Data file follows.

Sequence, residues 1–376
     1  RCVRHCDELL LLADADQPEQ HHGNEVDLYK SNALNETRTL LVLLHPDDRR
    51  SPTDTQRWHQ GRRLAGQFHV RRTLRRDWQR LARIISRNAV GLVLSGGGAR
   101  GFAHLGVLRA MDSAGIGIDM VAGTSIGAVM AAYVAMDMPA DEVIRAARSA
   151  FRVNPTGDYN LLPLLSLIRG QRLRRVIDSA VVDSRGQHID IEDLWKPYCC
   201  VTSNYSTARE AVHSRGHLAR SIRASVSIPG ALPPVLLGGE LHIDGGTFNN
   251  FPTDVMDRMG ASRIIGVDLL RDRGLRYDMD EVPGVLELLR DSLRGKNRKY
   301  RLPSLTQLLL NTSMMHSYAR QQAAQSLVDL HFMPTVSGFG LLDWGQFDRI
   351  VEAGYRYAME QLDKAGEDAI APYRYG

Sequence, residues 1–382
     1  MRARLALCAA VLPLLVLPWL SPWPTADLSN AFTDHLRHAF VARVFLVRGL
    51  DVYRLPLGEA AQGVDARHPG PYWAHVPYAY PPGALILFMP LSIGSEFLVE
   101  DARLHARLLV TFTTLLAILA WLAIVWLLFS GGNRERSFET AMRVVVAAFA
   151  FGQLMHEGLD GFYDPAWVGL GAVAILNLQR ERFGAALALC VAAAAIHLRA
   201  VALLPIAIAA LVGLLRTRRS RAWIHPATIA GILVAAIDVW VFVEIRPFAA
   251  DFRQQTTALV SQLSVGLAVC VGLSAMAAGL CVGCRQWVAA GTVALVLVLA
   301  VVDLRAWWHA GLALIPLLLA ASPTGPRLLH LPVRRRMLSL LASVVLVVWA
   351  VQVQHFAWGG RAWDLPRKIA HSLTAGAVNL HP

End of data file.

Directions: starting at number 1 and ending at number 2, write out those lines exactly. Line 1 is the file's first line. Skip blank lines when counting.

Sequence, residues 1–376
     1  RCVRHCDELL LLADADQPEQ HHGNEVDLYK SNALNETRTL LVLLHPDDRR